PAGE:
What does this story say about heroes in modern society? 

1 Answer | Add Yours

akannan's profile pic

Ashley Kannan | Middle School Teacher | (Level 3) Distinguished Educator

Posted on

I think that Allen's overall statement about modern individuals is that there is a tendency to romanticize that which we cannot have.  Kugelmass romanticizes or places Emma on a pedestal.  He seems to worship her for all the wrong reasons.  At the same time, Emma is enamored with Kugelmass because he represents an escape from Charles and her life.  In this, one can see how each character has a tendency to romanticize or make heroes out of frail individuals who cannot meet such large proportions.  There is a natural romanticizing of individuals as featured in the story.  The tendency to glamorize or romanticize another is what compels us to make heroes out of them.  Allen seems to be suggesting that our own weaknesses in our own being, and refusing to acknowledge them or reflect upon them in our own lives, drives us to project onto others the title of "hero."  We create heroes out of our own lacking.  Our need for heroes is more of a reflection of ourselves than anything else.  It is in this where a statement about heroes is present in the work.  For Allen, Kugelmass and Emma are characters who construct heroes because of their own failures in their own being.  Like Emma Bovary herself, our need to create heroes becomes more of a reflection of our own flawed condition than anything else.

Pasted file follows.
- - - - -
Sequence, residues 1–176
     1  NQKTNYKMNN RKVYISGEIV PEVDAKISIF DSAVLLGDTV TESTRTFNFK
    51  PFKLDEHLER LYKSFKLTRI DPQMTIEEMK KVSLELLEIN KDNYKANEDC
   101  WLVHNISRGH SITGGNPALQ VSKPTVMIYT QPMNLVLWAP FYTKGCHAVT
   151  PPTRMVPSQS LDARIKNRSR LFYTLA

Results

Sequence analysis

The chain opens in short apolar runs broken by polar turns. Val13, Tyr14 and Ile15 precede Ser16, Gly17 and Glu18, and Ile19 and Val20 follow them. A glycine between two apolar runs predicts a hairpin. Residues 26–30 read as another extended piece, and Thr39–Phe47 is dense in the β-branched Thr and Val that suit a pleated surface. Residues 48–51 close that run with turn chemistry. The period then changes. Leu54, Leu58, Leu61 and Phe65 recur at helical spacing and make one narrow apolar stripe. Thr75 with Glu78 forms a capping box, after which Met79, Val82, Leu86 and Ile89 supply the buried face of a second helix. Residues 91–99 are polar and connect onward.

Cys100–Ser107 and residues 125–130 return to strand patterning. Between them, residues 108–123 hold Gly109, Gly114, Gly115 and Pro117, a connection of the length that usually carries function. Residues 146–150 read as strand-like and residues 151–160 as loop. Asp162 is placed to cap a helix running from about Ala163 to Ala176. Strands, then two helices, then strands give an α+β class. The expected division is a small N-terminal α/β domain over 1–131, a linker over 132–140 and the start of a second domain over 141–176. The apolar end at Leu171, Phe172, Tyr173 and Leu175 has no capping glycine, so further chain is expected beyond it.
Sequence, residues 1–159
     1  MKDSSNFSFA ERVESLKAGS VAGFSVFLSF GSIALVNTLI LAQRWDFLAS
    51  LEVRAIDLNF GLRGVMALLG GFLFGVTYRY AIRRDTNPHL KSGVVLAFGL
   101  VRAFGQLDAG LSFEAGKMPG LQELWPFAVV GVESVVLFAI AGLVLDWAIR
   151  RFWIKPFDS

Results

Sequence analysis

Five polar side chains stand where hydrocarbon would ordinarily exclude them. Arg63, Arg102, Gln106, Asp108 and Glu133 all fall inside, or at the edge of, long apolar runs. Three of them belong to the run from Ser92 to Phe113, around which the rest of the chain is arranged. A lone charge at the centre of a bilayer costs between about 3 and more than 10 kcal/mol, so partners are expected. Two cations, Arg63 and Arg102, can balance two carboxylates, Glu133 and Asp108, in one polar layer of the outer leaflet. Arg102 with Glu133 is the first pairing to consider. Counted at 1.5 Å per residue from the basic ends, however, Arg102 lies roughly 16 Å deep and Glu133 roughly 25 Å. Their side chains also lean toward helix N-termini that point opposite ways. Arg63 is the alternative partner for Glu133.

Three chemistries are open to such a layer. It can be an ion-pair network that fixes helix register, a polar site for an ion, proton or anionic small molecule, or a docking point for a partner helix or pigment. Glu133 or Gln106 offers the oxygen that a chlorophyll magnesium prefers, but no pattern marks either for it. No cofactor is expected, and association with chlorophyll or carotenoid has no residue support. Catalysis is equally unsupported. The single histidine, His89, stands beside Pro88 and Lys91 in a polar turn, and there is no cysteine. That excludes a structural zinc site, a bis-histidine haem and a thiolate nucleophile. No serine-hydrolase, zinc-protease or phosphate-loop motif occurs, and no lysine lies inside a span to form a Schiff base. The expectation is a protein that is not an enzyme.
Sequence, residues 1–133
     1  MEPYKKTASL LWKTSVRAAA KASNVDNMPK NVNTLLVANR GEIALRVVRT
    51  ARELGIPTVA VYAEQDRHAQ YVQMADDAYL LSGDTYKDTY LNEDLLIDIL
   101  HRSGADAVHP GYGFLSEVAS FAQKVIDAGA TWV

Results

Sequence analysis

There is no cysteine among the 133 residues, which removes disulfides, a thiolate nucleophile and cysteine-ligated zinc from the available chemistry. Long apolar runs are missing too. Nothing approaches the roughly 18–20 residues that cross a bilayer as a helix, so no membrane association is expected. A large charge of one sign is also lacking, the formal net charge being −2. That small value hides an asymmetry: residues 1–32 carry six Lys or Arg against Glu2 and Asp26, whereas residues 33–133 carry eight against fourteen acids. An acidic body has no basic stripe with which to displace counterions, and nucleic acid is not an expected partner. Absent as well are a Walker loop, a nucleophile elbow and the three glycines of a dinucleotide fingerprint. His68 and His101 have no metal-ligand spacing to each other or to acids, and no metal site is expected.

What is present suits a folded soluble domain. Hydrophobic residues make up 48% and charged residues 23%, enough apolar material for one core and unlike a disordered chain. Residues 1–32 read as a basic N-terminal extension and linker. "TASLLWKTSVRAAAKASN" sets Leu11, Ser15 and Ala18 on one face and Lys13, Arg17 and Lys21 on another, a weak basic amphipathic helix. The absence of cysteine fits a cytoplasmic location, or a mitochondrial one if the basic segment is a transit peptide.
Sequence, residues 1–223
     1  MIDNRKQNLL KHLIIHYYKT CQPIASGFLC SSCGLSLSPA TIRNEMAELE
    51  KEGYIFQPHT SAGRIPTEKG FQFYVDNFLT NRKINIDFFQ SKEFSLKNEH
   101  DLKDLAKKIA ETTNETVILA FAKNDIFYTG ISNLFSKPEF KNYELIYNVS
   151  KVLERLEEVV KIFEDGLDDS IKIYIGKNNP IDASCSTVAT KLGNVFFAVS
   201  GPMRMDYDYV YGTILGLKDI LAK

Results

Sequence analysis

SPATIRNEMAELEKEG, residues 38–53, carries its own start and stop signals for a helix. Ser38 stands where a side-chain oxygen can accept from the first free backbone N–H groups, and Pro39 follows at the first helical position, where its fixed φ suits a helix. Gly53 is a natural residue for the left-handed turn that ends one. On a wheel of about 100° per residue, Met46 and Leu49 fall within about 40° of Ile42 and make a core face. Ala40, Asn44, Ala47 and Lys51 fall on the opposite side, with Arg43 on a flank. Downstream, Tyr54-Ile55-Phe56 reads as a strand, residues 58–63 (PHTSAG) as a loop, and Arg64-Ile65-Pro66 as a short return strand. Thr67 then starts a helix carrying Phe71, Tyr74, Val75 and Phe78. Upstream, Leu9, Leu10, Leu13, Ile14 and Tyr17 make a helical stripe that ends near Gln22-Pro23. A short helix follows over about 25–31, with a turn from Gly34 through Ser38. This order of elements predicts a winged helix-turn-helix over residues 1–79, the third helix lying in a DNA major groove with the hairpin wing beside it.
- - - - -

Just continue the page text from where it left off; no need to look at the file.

We’ve answered 317,447 questions. We can answer yours, too.

Ask a question